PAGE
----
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Why do people with high stats get rejected...

OhhibyeOhhibye Registered User Posts: 65 Junior Member
edited October 2014 in Cal Poly San Luis Obispo
since Cal Poly is the school I've been wanting to go to, I've been doing LOTS of research on past experiences of those who had applied and then got rejected.

I know of many people (both from reading their experiences online/people I know personally) who have had VERY high stats, yet got rejected.

Someone I knew last year recently told me that they had a 4.3 GPA, a 33 ACT, a 2140 (around there) SAT, took summer college courses, had a job related to their engineering major, and had over 20 hours a week of ECs with a leadership role, but still got rejected for mechanical engineering.

I understand that mechanical eng. is REALLY competitive, but this person literally had almost perfect stats, yet got rejected?? Doubt they were lying to me because this kid is one of those serious overachievers, so I doubt he exaggerated or anything. At least he got into Berkeley, but it just shocks me how Cal Poly denied him?

Then there was someone else who applied for computer science, had slightly lower stats. APPLIED ED, 4.1 GPA, 30 ACT, 20+ hours of EC with leadership role. They got rejected too for both ED and RD!

Also someone with 4.05 GPA, 31 ACT, not sure about their EC hours, applied for some type of engineering (I forgot which) and got rejected as well....

It honestly scares me since I'm planning on applying for an engineering major and my stats would be considered a joke compared to those I've mentioned above....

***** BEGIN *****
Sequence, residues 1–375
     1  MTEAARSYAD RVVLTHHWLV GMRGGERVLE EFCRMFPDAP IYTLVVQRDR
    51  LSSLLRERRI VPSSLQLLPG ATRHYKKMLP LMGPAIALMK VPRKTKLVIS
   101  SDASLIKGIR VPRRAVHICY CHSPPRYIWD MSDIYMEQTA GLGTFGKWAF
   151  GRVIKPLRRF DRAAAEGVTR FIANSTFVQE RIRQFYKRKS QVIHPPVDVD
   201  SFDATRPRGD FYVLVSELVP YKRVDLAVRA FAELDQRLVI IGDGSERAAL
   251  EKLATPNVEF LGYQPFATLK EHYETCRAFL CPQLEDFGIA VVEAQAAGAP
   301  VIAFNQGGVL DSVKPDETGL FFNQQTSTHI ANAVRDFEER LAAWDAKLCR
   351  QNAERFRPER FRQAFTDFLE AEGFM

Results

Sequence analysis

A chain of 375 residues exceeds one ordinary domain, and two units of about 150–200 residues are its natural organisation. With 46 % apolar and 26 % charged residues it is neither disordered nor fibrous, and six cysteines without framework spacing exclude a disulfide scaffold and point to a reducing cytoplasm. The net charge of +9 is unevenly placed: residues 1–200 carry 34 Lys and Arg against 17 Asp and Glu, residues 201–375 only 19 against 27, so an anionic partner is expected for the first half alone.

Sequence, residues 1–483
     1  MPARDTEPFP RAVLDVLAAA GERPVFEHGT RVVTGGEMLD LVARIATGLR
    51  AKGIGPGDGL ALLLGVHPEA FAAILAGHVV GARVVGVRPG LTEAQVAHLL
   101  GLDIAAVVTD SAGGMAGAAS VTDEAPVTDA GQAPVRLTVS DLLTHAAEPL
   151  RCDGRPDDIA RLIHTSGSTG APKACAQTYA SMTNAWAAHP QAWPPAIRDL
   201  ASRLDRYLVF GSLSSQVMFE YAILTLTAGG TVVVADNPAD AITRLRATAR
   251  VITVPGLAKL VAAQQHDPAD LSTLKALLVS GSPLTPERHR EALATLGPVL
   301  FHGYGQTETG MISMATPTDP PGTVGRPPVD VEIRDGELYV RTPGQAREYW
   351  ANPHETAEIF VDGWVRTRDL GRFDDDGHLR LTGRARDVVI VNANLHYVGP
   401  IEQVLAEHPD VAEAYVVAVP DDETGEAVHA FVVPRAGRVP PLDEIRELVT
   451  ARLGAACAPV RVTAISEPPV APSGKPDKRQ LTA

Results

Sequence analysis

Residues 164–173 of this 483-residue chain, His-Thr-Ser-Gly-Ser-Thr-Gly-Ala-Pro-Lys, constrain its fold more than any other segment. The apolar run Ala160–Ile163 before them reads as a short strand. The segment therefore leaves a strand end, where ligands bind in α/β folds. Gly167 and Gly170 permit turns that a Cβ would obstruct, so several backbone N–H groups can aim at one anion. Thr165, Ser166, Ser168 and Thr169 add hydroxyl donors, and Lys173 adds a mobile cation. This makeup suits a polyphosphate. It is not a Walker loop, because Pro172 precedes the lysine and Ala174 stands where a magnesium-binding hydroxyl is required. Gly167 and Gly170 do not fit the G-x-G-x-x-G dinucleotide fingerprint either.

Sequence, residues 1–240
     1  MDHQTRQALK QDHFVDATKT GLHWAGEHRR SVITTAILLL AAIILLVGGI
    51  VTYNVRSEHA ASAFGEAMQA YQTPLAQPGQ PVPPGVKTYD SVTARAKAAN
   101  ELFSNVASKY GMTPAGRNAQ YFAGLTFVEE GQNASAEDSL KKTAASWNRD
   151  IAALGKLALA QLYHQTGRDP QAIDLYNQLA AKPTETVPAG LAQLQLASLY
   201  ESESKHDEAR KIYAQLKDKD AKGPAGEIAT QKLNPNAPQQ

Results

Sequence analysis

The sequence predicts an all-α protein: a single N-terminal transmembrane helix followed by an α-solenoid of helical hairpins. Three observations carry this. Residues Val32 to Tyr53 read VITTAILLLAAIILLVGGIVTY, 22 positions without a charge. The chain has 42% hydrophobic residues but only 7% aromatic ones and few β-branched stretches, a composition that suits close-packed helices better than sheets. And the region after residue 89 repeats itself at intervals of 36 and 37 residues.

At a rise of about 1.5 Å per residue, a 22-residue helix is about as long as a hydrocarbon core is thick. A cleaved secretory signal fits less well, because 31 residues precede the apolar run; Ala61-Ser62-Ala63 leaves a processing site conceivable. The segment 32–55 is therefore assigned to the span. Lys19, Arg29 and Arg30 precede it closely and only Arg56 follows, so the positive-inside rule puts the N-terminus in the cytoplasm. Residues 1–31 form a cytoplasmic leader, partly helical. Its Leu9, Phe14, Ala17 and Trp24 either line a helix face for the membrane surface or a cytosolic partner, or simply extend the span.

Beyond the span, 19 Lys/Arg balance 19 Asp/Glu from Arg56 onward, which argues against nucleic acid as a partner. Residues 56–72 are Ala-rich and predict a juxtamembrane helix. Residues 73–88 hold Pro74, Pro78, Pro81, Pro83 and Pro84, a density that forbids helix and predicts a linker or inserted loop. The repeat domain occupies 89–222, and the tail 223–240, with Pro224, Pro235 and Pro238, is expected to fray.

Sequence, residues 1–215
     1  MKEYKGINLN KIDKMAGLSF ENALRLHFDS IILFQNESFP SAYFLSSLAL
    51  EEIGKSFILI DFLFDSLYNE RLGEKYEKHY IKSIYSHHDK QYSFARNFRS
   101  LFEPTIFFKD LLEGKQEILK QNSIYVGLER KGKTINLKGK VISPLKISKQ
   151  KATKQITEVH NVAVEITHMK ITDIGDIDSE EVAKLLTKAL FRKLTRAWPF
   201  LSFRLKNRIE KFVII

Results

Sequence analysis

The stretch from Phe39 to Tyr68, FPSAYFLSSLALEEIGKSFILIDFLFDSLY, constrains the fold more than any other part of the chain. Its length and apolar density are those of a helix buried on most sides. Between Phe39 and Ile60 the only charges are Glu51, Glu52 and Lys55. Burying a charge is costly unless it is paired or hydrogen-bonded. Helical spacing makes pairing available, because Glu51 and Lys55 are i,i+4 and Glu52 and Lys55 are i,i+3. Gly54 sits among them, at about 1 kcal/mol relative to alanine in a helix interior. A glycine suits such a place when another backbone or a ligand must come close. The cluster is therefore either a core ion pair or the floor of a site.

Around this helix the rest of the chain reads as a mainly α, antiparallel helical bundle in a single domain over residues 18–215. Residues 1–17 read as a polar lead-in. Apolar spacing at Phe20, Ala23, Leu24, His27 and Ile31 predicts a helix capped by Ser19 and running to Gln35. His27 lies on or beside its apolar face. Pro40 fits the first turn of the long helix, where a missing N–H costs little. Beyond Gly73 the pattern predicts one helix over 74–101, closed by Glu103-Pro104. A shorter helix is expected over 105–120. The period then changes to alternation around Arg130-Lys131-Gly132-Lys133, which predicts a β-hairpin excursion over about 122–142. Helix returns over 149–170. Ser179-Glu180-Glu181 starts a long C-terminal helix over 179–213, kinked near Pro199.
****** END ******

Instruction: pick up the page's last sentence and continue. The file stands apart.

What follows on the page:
What I'm wondering is are there other factors other than the numbers itself? For example: gender, race, school/area they came from, family income, family education level, etc.? Even though I find it unfair how someone with low stats may have a better chance of getting in just because both their parents didn't graduate from high school........

I know technically it would be "illegal", but it really makes no sense how these *almost* perfect people get rejected. So if these people with high stats get rejected, what is Cal Poly even looking for? People with absolutely PERFECT scores and GPAs? It seems to make no sense to me.

I've read that sometimes they reject very overqualified students because they think they'll end up going to an Ivy League or Cal or something, but if that's the case, how does the average admittance stats remain so high? And also, explain the people with high stats who applied ED who got rejected..

**oh yeah, and the GPAs I mentioned were their CSU/Cal Poly calculated GPAs.

Replies to: Why do people with high stats get rejected...

  • GumbymomGumbymom Forum Champion UC Posts: 23,477 Forum Champion
    @Ohhibye: Through my research on SLO, I have seen many references to the "Tufts Syndrome" that SLO practices. Meaning that many very High Stats applicants will use SLO as a backup to UCB/Stanford/UCLA etc.. and SLO know this, so they either reject or waitlist these applicants, knowing they will probably receive other offers. My son had 4 friends with high stats for ME last year, only 1 accepted, other 3 rejected and are currently attending UCLA/UCB and UCSB.
  • eyemgheyemgh Registered User Posts: 4,709 Senior Member
    If, as they preach and I haven't found any hard evidence to the contrary, they are all automated, the easiest explanation would be that the applicant(s) missed something minor, like a performing arts requirement. Cal Poly will deny admission without explanation if an applicant is missing a required course.

    I don't believe there's an intentional rejection of highly qualified applicants for two reasons. First, I know highly qualified applicants that got into ME. Second, the admission statistics are too strong to have many rejections of highly qualified applicants, especially when you consider that there are several majors in the college of engineering that aren't very selective.

    This certainly is just conjecture on my part as one can never really know for sure.